CBS: Government Needed to Stop Fast Food Industry That Wants to 'Get Kids Hooked'

At the top of Monday's CBS Evening News, anchor Katie Couric warned viewers: "They promised to fight childhood obesity, but the biggest chains may be working harder than ever to get kids hooked on fast foods." Moments later she touted a new study: "...the big chains promised to help fight childhood obesity, but a report out today suggests they've done the exact opposite."

Couric fretted over the findings: "...out of more than 3,000 possible kids meal combinations at the major chains, only 12 meet nutritional guidelines for pre-schoolers....last year, children between the ages of 6 and 11 saw 26% more ads for McDonald's than they did just two years earlier." Correspondent Ben Tracy attacked the marketing strategy: "First there's the hot new movie kids just have to see....Then there's the fast food movie toy tie in they just have to get. And with the toys come this, a Happy Meal packed with calories and fat....a happy deal for marketers but an unhealthy one for children."

Later in his report, Tracy played a clip of Allen Kanner, co-founder of the Campaign For A Commerical-Free Childhood, who proclaimed: "The industry has been promising for years that it would do something about this. Self-regulation is a trick. It's a farce. It's a joke." Tracy followed that sound bite by declaring: "Which is why some think government needs to get involved. San Francisco just banned restaurants from handing out toys with meals if they contain more than 600 calories and more than 10% saturated fat."

In a statement on his organization's website, Kanner launches into anti-capitalist rant against corporations: "...this psychological assault on our country’s youth is itself part of a larger development.  For the commercialization of childhood flows inexorably from the massive expansion of corporate power and corporate culture that both America and the world have witnessed in the last few decades....the most effective way to protect our children from the toy industry is for us to join those who oppose economic globalization."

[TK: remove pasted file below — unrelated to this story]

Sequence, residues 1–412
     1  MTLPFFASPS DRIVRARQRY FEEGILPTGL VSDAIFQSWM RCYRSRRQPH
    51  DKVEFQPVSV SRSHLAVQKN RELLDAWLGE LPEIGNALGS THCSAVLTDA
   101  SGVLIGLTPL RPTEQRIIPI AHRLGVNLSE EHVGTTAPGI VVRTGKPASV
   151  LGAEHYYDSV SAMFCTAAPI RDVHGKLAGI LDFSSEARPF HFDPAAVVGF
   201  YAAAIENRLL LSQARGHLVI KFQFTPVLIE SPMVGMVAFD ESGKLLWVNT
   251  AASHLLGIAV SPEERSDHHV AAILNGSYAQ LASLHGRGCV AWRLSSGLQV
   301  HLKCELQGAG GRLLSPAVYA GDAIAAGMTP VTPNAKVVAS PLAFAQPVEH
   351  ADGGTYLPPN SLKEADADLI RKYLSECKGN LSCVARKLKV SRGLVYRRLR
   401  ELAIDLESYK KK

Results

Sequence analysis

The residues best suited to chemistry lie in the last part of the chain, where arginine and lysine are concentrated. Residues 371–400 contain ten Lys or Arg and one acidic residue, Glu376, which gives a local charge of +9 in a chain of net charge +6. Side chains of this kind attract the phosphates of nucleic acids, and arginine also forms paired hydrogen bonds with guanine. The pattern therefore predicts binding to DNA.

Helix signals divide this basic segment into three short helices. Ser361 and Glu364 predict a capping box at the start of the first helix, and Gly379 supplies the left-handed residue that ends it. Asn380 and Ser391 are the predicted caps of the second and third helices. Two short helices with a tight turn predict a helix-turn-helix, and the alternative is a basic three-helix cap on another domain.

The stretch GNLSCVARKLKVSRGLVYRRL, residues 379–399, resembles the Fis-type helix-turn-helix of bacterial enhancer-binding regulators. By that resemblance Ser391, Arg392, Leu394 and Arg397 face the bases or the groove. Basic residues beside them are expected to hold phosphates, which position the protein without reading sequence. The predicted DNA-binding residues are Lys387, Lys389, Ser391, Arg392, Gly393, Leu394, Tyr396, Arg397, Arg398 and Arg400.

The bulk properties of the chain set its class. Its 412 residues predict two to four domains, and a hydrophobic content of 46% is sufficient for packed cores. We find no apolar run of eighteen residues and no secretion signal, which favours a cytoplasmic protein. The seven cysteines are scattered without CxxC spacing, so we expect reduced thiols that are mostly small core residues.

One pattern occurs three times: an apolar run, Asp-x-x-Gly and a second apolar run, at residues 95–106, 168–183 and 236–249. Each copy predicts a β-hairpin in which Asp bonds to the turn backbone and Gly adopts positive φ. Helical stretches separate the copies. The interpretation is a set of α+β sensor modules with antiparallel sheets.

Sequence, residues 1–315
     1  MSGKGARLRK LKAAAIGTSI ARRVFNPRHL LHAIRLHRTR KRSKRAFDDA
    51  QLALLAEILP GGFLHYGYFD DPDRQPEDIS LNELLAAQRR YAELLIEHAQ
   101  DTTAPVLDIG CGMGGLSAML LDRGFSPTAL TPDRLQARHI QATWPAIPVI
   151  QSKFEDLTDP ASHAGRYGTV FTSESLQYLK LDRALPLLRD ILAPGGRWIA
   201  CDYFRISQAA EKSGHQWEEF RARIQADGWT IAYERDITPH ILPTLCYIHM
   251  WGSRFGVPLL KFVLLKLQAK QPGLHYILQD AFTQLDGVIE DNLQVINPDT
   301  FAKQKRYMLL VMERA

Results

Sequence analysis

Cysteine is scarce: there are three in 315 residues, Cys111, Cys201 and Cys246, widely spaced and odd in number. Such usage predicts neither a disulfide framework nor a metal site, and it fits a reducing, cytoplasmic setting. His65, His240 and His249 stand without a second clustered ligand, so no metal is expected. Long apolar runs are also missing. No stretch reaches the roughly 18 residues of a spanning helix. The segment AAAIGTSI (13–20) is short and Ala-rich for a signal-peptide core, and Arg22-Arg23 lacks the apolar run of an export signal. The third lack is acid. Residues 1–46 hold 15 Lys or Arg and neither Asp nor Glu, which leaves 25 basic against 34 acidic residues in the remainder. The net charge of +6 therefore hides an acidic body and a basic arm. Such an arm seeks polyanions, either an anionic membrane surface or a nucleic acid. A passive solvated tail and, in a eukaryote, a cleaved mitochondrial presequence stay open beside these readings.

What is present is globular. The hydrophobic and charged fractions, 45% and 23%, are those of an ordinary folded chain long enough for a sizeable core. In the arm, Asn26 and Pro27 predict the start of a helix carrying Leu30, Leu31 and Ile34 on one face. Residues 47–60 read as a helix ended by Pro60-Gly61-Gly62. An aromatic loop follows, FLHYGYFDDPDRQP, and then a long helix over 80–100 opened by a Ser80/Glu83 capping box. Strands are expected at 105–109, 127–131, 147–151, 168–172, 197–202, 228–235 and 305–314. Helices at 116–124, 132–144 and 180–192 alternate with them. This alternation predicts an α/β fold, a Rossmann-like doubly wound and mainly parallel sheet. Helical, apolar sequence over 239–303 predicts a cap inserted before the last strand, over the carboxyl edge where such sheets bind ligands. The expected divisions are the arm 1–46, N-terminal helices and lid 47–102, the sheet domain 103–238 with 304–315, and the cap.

Tracy noted how "McDonald's and Burger King both say they're only going to show their so-called 'better for you' items in their advertising from now on." However, he lamented the burden on parents to request those healthier items: "[They] really have to ask for these things. If you simply go in and order the kids meal, you're still likely to get fries and soda."  

After Tracy's report, Couric shared some viewer reactions via Facebook: "William Lewis told us 'they don't care about the children, all they care about is what goes in the cash register.' But Michelle Poole reflects the views of many we've heard from, writing 'quit blaming the food industry, blame the parents, they teach their children bad eating habits.'"

Here is a full transcript of the November 8 segment:

6:30PM ET TEASE:

KATIE COURIC: Tonight, they promised to fight childhood obesity, but the biggest chains may be working harder than ever to get kids hooked on fast foods.

6:30PM ET SEGMENT:

COURIC: In a perfect world, American families would gather each night about now for a healthy home-cooked meal. But for an increasing number of people, dinner is often fast food. Three years ago, the big chains promised to help fight childhood obesity, but a report out today suggests they've done the exact opposite. It's the most comprehensive study ever into fast food nutrition and marketing. It shows that out of more than 3,000 possible kids meal combinations at the major chains, only 12 meet nutritional guidelines for pre-schoolers. 12 out of 3,000. And last year, children between the ages of 6 and 11 saw 26% more ads for McDonald's than they did just two years earlier. More now from Ben Tracy.